Warning: This story contains disturbing details.
An N.W.T. judge has found Wilfred Abraham guilty of manslaughter in the death of 48-year-old Ralph Sifton.
Supreme Court Justice Andrew Mahar delivered his verdict Thursday in a Yellowknife courtroom, saying the night of Aug. 18, 2018 was "yet another tragic event" springing from addiction and trauma, resulting in the death of Abraham's relative, and "someone he cares about."
Abraham, 56, appeared in person, sitting beside his lawyer. Sifton's family listened to the proceeding by phone as Mahar delivered his decision. At the end of the sentencing, there was audible emotion from relatives listening into the proceeding.
Although prosecutors rejected Abraham's guilty plea for manslaughter at the start of the trial, Mahar ultimately decided Abraham's actions did not meet the test of second-degree murder.
Before his guilty verdict, Mahar laid out the disturbing details of what led to his decision that Abraham committed manslaughter.
No intent to kill, says judge
It started when Sifton kicked Abraham in the face with a steel-toed boot while he lay on a couch.
An "enraged" Abraham briefly left to retrieve his shoes from a shelter, then returned to fight Sifton on the lawn of a Warbler Cres. home.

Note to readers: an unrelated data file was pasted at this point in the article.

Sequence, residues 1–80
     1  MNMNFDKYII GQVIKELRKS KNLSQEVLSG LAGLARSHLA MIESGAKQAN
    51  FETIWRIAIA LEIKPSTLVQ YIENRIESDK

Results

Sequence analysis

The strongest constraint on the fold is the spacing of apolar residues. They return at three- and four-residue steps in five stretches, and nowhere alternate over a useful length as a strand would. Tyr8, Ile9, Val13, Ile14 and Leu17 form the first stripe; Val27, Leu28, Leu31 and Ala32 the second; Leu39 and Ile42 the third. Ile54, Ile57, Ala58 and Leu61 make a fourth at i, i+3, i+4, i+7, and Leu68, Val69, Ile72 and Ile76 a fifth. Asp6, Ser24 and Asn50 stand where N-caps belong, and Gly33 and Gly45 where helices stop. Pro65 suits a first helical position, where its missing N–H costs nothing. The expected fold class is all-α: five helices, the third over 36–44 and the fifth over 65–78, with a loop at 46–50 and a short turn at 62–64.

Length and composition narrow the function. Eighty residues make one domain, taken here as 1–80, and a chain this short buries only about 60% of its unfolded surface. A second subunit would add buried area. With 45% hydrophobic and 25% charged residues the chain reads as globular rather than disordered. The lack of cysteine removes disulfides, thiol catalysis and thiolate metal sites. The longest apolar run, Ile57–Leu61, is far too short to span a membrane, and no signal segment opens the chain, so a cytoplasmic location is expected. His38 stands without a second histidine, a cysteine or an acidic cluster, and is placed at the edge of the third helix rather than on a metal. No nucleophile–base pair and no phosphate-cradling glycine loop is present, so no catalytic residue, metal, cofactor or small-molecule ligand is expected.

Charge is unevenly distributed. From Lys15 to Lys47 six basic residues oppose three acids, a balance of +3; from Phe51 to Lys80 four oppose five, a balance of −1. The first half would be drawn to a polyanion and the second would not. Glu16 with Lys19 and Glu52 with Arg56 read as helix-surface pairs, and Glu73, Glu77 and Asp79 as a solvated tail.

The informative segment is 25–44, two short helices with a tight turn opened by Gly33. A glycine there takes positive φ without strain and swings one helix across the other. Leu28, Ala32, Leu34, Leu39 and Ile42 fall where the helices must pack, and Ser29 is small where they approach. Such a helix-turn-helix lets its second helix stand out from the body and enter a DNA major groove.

Abraham was still "tremendously agitated and provoked" as he attacked Sifton with a five-pound dumbbell before attacking him with his hands, Mahar said.
Witnesses reported Abraham repeatedly told Sifton, who was likely unconscious, to get back up to continue the fight, Mahar said.
One witness reported that Abraham screamed this over 100 times. The judge said this indicated Abraham did not appreciate the extent of Sifton's injuries and did not intend to kill him.
By the time Sifton was picked up by ambulance, he had no pulse. He had extensive injuries from the beating, including fractures to his face and skull.
Mahar decided that the five pound weight that delivered the fatal blow was not substantially more threatening than a steel-toed boot.
Mahar added that Abraham was highly intoxicated throughout the day including when he gave his statement to police.
Before being sentenced, the court must still produce a Gladue report, which recognizes that systemic racism and discrimination has resulted in a crisis of overrepresentation of Indigenous people in prison.
The report influences the type of sentence a person will be given. The court will convene on Nov. 30 to decide on a sentencing date.